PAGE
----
Data Acquisition Hardware



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Q: What does Data Acquisition (DAQ) hardware do?

A: DAQ hardware acts as the interface between the computer and the environment being sampled or tested. It mostly functions as a device that converts incoming analog signals into digital signals so that a computer (PC) can interpret them. Other data acquisition functionality includes:

  • Analog Input/Output
  • Digital Input/Output
  • Counter/Timers
  • Multifunction – a mixture of analog, digital, and counter operations on a single device

Q: What kind of DAQ hardware components comprise myriad DAQ systems?

A: Many DAQ hardware/software manufacturers consider the analog-to-digital (A/D) converter (aka ADC) to be the core component of a DAQ hardware system. A data acquisition card can offer measurements of up to 64 channels at a resolution of 16 bits, (one part in 65,536) with data throughput rates up to 20 million samples per second. Often, the same card can include discrete digital bi-directional I/O lines, counter timers, and D/A converters for outputting analog signals for control applications. The A/D convert or can be a stand-alone device, such as this USB-based module from National Instruments and this USB Data Acquisition Module form IOTech, or it may be a PCI card that is installed in a common personal computer (here are some examples of such cards from IOTech), or a PXI (PCI eXtensions for Instrumentation) interface that install into dedicated chassis for portable, bench-top, rack-mount, and embedded applications. Data acquisition systems can easily be incorporated into common networks; here is an example of an Ethernet-based solution. If portability in a DAQ systems is required, look for a PCMCIA DAQ card for notebooks and laptops.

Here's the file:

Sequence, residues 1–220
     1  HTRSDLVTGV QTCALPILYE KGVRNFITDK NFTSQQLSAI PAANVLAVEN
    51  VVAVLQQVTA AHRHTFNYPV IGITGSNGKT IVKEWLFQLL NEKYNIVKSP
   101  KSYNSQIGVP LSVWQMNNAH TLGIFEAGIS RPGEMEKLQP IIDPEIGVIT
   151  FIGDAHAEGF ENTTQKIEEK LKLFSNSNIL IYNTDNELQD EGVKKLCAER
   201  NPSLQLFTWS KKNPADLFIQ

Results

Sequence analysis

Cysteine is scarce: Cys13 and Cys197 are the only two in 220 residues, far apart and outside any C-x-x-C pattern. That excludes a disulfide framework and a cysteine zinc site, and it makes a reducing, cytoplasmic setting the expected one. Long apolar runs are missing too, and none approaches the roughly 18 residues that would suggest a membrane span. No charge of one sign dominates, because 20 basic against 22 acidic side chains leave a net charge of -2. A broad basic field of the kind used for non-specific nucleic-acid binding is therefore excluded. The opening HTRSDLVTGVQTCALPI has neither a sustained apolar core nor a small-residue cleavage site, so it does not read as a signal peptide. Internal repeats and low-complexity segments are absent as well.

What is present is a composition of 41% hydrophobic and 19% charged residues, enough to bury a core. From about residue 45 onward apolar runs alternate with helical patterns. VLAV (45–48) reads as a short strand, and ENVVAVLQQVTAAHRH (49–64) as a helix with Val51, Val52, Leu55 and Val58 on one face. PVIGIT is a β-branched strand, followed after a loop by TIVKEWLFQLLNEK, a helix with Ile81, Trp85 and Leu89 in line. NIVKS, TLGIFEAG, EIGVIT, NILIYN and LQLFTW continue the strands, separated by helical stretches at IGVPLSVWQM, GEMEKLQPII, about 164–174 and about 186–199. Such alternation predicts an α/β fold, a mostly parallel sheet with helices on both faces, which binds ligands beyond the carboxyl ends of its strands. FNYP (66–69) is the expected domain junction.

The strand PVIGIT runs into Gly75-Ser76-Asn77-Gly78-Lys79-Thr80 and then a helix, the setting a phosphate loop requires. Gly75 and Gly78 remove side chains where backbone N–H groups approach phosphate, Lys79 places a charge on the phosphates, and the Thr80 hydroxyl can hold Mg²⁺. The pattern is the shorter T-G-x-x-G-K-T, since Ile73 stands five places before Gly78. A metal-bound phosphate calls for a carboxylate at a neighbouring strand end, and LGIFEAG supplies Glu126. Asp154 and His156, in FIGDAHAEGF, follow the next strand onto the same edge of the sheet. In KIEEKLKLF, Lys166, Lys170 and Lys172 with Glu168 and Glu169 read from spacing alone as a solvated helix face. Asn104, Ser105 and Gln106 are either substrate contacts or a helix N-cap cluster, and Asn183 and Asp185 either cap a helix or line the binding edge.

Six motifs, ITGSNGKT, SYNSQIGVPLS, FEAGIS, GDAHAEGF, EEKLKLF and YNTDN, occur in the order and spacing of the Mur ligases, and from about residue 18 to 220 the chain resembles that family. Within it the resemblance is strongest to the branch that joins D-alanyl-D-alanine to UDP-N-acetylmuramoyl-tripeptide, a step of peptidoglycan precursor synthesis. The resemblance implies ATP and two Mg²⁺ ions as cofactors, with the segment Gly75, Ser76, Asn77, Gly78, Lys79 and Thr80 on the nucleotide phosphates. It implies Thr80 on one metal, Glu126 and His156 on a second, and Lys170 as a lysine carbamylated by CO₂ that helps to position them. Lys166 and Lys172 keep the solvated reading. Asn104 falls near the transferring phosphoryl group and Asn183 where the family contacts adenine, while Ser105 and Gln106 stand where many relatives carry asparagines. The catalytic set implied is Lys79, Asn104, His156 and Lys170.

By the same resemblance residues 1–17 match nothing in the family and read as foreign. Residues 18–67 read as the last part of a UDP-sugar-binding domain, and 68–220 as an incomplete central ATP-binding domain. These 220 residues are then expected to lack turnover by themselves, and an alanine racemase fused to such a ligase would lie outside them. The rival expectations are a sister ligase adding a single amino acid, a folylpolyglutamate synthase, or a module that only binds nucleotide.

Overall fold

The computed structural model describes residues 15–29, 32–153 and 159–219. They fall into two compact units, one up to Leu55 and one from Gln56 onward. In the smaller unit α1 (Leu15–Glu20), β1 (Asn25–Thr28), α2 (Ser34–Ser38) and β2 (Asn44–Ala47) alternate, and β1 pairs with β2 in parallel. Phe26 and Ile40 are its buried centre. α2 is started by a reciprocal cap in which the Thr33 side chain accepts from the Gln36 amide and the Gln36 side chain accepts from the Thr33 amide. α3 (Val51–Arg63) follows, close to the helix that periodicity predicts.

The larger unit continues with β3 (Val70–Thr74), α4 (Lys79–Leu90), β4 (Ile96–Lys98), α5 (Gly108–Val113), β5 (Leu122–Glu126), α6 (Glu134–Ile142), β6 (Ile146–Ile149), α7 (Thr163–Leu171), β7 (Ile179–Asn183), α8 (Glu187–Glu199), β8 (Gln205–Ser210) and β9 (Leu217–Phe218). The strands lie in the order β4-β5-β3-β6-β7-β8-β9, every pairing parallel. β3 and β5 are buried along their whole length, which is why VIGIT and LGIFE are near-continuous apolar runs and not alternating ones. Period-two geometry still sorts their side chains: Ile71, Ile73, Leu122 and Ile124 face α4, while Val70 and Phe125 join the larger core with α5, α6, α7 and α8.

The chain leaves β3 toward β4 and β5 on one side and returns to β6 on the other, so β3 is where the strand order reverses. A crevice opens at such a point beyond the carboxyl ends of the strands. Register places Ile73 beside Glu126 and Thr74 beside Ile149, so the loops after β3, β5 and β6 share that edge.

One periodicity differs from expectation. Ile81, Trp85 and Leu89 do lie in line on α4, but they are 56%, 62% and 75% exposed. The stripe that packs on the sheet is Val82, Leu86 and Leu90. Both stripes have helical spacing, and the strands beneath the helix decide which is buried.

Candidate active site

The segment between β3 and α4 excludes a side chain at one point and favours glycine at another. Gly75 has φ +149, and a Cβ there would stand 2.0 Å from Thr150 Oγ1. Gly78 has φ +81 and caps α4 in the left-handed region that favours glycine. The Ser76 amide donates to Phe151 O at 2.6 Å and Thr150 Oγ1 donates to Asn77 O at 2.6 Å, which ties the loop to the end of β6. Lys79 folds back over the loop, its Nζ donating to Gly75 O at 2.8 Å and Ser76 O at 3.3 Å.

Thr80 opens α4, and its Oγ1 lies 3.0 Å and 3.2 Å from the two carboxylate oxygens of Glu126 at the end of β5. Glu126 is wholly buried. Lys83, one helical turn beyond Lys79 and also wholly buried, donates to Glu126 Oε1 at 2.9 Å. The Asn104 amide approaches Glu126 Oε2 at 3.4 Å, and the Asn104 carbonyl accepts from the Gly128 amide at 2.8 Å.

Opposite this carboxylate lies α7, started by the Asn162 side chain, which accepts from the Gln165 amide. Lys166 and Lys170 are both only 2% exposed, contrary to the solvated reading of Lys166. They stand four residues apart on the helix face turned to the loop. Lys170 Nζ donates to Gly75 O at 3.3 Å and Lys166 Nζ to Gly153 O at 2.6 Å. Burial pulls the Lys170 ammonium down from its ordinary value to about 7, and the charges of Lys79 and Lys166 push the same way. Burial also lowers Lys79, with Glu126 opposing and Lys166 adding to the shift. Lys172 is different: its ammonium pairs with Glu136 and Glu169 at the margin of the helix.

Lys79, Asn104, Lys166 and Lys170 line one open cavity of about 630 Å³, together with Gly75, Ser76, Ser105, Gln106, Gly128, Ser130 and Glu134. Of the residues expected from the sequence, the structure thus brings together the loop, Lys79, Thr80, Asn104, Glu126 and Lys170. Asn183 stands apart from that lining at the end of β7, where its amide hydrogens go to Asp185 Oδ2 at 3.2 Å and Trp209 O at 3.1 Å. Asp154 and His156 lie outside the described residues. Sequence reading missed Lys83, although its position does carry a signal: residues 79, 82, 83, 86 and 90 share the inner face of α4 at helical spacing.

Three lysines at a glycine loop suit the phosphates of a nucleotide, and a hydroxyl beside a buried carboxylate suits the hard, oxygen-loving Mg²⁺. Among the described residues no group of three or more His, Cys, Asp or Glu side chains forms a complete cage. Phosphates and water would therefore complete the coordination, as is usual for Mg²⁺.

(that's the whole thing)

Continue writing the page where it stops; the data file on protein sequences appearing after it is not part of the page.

The A/D converter may also be found in an integrated component that offers features such as additional amplification and signal conditioning (examples: SCC and SCXI from National Instruments).

Other stand-alone DAQ hardware includes:

Q: What are the typical analog input specifications for commercially-available data acquisition hardware?

A: See table below:

Number of Input Channels: 2 ~ 16, specified for both single-ended (i.e. common grounded, high signal to noise ratio, short lead wires) and differential inputs.
Sampling Rate: 10 kHz ~ 1 MHz. According to the Shannon sampling theorem (Nyquist sampling rate) the sampling rate be should no less than twice the highest frequency in the targeted signals. For instance, the sampling rate used to collect audio signals should not be less than 40 kHz (CD is 44.1 kHz), since healthy young human ears can detect acoustic signals up to 20 kHz.
Multiplexing: Defined as the real maximum sampling rate = listed sampling rate / number of channels.
Buffer Size: 512 ~ 2048 samples
Range: ±10 V peak for the signal entering the DAQ hardware. If the signal is amplified prior to the DAQ, then the effective range, with respect to the target signal, is hardware range / amplifier gain.